February '17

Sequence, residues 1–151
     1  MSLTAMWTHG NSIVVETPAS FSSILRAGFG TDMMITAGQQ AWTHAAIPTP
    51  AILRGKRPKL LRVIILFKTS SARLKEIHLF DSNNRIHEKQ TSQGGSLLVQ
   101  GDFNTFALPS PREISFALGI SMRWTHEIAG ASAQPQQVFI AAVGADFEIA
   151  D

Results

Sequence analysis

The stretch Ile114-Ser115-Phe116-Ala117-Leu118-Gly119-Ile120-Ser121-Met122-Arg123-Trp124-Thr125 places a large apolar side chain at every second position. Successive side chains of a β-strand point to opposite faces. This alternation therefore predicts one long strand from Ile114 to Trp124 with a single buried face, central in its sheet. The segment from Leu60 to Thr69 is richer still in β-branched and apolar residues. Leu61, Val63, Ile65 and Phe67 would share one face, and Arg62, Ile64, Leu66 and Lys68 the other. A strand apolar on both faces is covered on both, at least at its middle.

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FEBRUARY 2017 THE SHOP 17 PERFORMANCE By John Carollo FEBRUARY 2017 THE SHOP 17 T he cars have cooled down. The tire smoke has cleared. And the staging lanes are empty. It's offseason for drag racers in most parts of the world. That makes it the perfect time to look at one of the biggest markets in the performance business and see what lights up the win sign at the end of the track. Manufacturers and builders talk about the upcoming 2017 season—outside factors that could make a difference, technological advancements that offer an edge, and predictions for the new season. If your shop serves competitors who drive the straight and narrow of drag racing, there are reasons for optimism as we wait for the snow to clear and the tracks to open. CASH FLOW? Money talks—nowhere more than racing. So, when trying to determine this season's drag racing outlook, it makes sense to start with the economy and if people have money to spend. "In my mind, there are three factors that will have an impact on drag racing in 2017: the (presidential) election, fuel prices and interest rates," says Steve Matusek, founder and president of Aeromotive, Inc. in Lenexa, Kansas. As far as the first point, he believes race shops were winners in November. "Regardless of your politics, the recent election was a windfall for our industry," he predicts. "Motorsports enthusiasts and small business owners were overwhelmingly for (Donald) Trump. There is a positive outlook because of the anticipation of tax reform and, as a result, more confidence to invest and spend your hard-earned dollars in what you love. The result should be positive for drag racing. It may not be sustainable, but in the near term, it will be positive." He adds that interest rates and fuel prices are linked together from the aspect of dis- cretionary income. "The more dollars saved, the more money available to dedicate to your hobby/ passion," Matusek says. "So, the result is obvious—(spending) less money for fuel, i.e. travel and debt service, the more cash available for racing." Nick Helms, director of sales and marketing for Greenwich, Ohio-based Thermo-Tec, echoes those sentiments. "The biggest factor is the economy," he agrees. "We all know that drag racing is an expensive sport. If the economy stays great, the race world stays great." Bill Pasco, product manager of the newly resurrected SouthSide Machine in Akron, Ohio, says shops will want to keep one eye on the national economic scene as they plan their inventory and workflow this year. "I think you will see the economy playing a major role in how much people are willing to spend on racing products," he offers. "This includes both race repair parts and new race parts. They will want to see what effect President Trump will have on the economy this spring when it's time to purchase. They will also be looking at the price of gasoline, sales taxes and, most importantly, their salary and healthcare costs." Narrow Straight & The 2017 drag racing market looks promising. Shops that sell on quality—not price—win in the long run in the competitive drag racing market. (Photo courtesy Aeromotive Inc.)

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